By Bill Peace
|Bill Peace on left|
“if I understood the gravity of my condition. Yes, I said, I am well aware of the implications. He grimly told me I would be bedbound for at least six months and most likely a year or more. That there was a good chance the wound would never heal. If this happened, I would never sit in my wheelchair. I would never be able to work again. Not close to done, he told me I was looking at a life of complete and utter dependence. My medical expenses would be staggering. Bankruptcy was not just possible but likely. Insurance would stop covering wound care well before I was healed. Most people with the type of wound I had ended up in a nursing home.”
The litany of disaster is all too familiar to me and others with a disability. But even this did not bother me. It was merely the build up to an offer to end my life. I was told:
“the choice to receive antibiotics was my decision and mine alone. He informed me I had the right to forego any medication, including the lifesaving antibiotics. If I chose not to continue with the current therapy, I could be made very comfortable. I would feel no pain or discomfort. Although not explicitly stated, the message was loud and clear. I can help you die peacefully. Clearly death was preferable to nursing home care, unemployment, bankruptcy, and a lifetime in bed. I am not sure exactly what I said or how I said it, but I was emphatic—I wanted to continue treatment, including the antibiotics. I wanted to live.”
My experience is directly relevant to the debate about assisted suicide because I was not in any way terminally ill. Yet a physician deemed my life not worth living. Disability in this physician’s opinion was a fate worse than death. Three years later I remain shaken. I am shaken because people with a disability who publicly express a desire to die are all too often accommodated. The request is perceived to be a rational response to disability. Thus what I experienced in the hospital was a microcosm of a much larger social problem. Simply put, my disabled body is not normal. We are well equipped to deal with normal bodies and routine illnesses. Efficient protocols exist within institutions, and the presence of a disabled body creates havoc. Before I utter one word it is obvious that my presence is a problem. Sitting in my wheelchair, I am a living symbol of all that can go wrong with a body and of the limits of medical science to correct it.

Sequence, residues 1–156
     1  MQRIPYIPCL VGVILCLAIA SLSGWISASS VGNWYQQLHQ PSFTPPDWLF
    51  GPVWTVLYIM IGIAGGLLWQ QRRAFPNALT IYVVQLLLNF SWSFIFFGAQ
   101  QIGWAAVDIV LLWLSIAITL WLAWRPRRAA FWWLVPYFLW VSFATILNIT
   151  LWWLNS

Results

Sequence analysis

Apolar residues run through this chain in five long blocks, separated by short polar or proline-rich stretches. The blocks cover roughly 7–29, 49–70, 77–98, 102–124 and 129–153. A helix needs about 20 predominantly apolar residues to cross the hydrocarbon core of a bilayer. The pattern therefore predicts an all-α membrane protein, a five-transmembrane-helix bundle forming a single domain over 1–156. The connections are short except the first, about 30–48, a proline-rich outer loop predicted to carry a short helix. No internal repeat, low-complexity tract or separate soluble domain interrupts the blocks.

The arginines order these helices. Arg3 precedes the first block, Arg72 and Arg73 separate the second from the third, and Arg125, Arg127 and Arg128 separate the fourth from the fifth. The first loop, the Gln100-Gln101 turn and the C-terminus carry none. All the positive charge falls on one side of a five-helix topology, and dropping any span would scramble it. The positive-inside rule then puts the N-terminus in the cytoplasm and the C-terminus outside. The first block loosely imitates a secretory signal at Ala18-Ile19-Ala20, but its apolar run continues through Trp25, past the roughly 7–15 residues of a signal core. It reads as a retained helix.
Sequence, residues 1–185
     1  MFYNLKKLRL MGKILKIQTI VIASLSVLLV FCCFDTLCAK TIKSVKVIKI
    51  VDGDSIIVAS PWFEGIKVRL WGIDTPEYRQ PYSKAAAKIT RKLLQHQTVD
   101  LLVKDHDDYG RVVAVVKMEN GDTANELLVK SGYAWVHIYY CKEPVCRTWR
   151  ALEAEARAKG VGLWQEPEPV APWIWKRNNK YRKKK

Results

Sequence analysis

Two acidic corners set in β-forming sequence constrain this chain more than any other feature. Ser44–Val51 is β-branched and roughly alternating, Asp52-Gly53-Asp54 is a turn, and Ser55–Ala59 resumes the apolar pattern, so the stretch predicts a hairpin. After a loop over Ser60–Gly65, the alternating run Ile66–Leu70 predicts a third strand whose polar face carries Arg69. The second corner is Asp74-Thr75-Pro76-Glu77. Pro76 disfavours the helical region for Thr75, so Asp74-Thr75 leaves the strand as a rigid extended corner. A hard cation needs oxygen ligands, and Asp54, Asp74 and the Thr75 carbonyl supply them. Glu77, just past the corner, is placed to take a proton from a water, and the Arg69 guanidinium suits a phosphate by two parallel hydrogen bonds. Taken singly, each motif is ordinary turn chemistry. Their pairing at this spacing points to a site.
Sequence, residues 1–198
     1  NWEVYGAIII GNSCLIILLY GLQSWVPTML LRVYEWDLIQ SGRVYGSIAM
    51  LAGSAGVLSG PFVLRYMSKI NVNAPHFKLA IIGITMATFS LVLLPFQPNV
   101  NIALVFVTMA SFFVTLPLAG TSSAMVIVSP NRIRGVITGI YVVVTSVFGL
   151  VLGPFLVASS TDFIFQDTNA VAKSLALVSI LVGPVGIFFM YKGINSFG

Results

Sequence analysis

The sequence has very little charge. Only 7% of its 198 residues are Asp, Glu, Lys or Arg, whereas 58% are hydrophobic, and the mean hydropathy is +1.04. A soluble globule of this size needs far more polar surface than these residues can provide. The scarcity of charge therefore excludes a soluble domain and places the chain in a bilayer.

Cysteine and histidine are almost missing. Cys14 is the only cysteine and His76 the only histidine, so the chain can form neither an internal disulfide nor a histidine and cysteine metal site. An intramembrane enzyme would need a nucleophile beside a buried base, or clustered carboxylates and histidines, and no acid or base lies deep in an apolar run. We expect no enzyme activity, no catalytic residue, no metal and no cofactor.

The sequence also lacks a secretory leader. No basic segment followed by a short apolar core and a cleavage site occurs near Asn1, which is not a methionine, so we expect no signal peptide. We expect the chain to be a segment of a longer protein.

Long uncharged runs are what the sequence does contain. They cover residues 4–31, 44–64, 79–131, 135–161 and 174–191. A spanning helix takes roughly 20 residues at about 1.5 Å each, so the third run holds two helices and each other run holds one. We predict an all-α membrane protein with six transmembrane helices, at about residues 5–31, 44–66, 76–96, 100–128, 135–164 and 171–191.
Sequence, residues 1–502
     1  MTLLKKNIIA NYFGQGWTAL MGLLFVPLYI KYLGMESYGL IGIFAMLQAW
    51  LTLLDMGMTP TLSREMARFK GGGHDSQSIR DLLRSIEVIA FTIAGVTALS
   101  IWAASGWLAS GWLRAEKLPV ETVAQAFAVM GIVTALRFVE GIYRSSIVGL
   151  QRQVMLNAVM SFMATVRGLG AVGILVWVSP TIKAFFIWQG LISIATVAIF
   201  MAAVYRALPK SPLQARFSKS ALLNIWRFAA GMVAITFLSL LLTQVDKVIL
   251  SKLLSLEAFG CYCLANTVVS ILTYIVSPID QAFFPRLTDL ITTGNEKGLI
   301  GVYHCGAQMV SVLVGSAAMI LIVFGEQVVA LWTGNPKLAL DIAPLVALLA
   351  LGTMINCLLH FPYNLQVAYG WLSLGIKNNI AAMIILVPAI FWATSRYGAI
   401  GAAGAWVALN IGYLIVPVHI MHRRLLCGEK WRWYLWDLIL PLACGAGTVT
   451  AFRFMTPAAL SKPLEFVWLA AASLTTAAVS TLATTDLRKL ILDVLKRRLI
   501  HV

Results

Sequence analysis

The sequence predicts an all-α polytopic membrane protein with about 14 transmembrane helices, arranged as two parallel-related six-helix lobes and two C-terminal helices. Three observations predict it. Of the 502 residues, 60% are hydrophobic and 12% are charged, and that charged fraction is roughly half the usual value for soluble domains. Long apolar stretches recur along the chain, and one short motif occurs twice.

I realized that fateful night my existence was not valued. I knew I had to justify why I had the right to live. I asked my extended family to visit me at all hours of the day. I had someone put in my chart that I was divorced, had a son in college, earned a PhD from Columbia University, and published in many peer reviewed journals. I did not do this to brag but establish my worth as a human being. Worse yet, I am not alone. This experience shattered my confidence. For a long time I felt ashamed. I wondered was the physician correct? Did my life lack value? Was my desire to live selfish? I did not tell anyone about what took place for over a year—not my family friends, or colleagues. The shame I felt was deep rooted. Eventually I told a former lover who told me I had to write about why took place. I did and it was a gut wrenching experience. I am deeply gratified the Hastings Center chose to publish my essay about what took place. The most gratifying aspect of writing about my experience was the response. Hundreds of people have written to me who either witnessed or had comparable experiences. So please listen to me very carefully. All the safe guards in the world that accompany assisted suicide legislation are inadequate. These protections are an illusion in a world dominated by physicians such as the one met.